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ARSENIC AND A NEW TEST

GEOENVIRONMENTAL ENGINEERING

A Cornish development involved the use of site won material despite the recording of high arsenic levels. Rod Smith reports.

Redmoor Parc is a residential development of 21 houses at Callington, Cornwall, where building work is nearing completion. Originally part of the same development site, Redmoor Parc is adjacent to Westmoor Parc, which has 30 more properties.

AN SI showed that both sites were reasonably free of mining activity and that Redmoor Parc had made ground. But although the ground beneath the Westmoor Parc site comprised a consistently undisturbed natural soil profile, contamination testing indicated that the soil contained naturally occurring high levels of arsenic. Arsenic levels in the made ground beneath the Redmoor Parc portion of the site were even higher.

At the levels found, typical remedial works would have included the capping of the soft landscaping with a minimum 700mm thick topsoil.

But in south west England, this can be very diffi cult due to the levels of arsenic in the soil. It might also involve importing soil from long distances at a time when clean soils are at a premium.

Under the current land contamination regime, soils are considered potentially contaminated if levels exceed SGVs. There are SGVs for ten contaminants, including arsenic.

The SGV for arsenic is 20mg/kg.

But soil arsenic concentrations in Cornwall often exceed 250mg/kg.

In calculating the SGV for arsenic it is assumed that all of the arsenic in the soil is bioaccessible (it passes into the body when ingested). Also, that all arsenic is in an inorganic form and that plants uptake the arsenic from the soil to a specifi c extent. It can then be ingested by residents from vegetables grown in their garden.

Consultant John Grimes Partnership decided to carry out a detailed quantitative risk assessment (QRA) and designed a remedial scheme where excess topsoil was used as a capping material for soils within the Redmoor Parc site. This meant that topsoil did not have to be brought in from an outside source.

The assumptions made in deriving the SGV were tested for the site using a range of standard and non-standard test methods not applied to a QRA before.

The amount of soil arsenic that was bioaccessible was measured using the standard physiologically based extraction test (PBET) method. This technique has been accepted by local authorities in the south west for a number of years and the Environment Agency recently published a number of guidance notes on its use.

Although vegetables were not grown on the site, the QRA used the results of an in-house developed chemical test to compare the potential for plant uptake from the site soil with other soils in the south west where plant studies have been done. This is a sequential extraction method where a number of increasingly strong chemical solutions progressively extract arsenic from the soil.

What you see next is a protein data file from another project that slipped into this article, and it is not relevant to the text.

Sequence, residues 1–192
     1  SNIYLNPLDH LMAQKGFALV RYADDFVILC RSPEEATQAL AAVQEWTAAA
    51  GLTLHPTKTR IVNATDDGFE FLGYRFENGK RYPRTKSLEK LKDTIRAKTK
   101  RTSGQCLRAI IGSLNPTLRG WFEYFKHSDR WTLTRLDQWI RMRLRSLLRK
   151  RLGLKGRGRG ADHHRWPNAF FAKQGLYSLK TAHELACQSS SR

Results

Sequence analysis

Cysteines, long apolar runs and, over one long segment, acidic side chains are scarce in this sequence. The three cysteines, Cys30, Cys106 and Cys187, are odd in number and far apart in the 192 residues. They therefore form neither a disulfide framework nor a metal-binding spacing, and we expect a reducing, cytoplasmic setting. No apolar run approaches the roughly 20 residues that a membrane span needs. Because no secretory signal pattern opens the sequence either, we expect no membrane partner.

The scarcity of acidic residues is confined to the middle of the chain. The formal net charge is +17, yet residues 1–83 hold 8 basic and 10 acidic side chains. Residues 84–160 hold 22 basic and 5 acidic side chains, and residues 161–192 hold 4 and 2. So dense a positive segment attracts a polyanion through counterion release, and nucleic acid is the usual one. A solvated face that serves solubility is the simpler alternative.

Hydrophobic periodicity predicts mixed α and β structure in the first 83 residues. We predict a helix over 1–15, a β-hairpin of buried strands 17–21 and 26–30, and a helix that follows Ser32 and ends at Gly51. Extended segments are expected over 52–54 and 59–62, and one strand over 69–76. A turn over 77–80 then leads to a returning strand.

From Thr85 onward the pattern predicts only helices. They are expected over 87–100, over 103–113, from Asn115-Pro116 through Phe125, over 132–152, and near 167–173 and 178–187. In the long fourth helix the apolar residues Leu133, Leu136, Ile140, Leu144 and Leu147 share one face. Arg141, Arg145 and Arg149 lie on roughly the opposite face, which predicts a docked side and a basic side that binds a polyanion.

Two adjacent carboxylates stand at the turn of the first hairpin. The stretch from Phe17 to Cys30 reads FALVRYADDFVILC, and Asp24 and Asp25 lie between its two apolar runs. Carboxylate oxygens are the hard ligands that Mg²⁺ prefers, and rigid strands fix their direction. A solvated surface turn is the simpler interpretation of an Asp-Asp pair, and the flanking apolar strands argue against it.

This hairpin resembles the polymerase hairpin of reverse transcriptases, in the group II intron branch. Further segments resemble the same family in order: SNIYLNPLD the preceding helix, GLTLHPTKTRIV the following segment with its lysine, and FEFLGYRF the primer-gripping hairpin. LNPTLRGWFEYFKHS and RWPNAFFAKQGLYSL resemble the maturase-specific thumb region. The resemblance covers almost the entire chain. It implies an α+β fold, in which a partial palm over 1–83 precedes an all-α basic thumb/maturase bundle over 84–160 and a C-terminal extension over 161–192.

These studies have indicated that the plant uptake assumed in the SGV errs considerably on the side of caution. As far as John Grimes is aware, this method has not been applied in a QRA before. The method shows promise and has the advantage that it can enable estimates of plant uptake to be carried out on the same timescale as PBET testing.

Finally, the QRA measured the amount of inorganic and organic arsenic present within the bioaccessible fraction. As organic arsenic is less toxic than inorganic arsenic, the assumption that all arsenic is inorganic in the SGV could be overly cautious.

Using another method not commonly applied to soil extracts, a signifi cant amount of the bioaccessible arsenic was shown to be organic.

This is known as speciation, and has been applied to a number of other contaminants in the past like chromium, mercury and cyanide.

The technique is a solvent sequential extraction where the different forms of inorganic arsenic can be separated because they have different solubility in an organic solvent.

Once isolated, these can be analysed independently. The remaining inorganic and organic arsenic can be segregated by chemically altering both forms sequentially so that they are soluble in the organic solvent. This will help indicate how much arsenic in the soil is organic and how much is inorganic.

John Grimes has developed these two methods over the last three years using a number of reference soils. The test methods include a Tessier type sequential extraction and solvent sequential extraction for arsenic speciation.

While the local authority, Caradon District Council, supported the remedial scheme, it insisted the assessment and the methodologies behind the risk assessment be peer reviewed.

The 18-month peer review was completed at the end of last year.

Because the reviewer decided that the methodologies underpinning the QRA complied with current guidance, the local authority has accepted them and is awaiting validation of the completed remedial scheme.

John Grimes is currently doing its validation testing.

As a result, the developer has been able to develop the site using site won material without the need for the importation of expensive topsoil, and the development is more sustainable overall.

Rod Smith is associate director with John Grimes Partnership.

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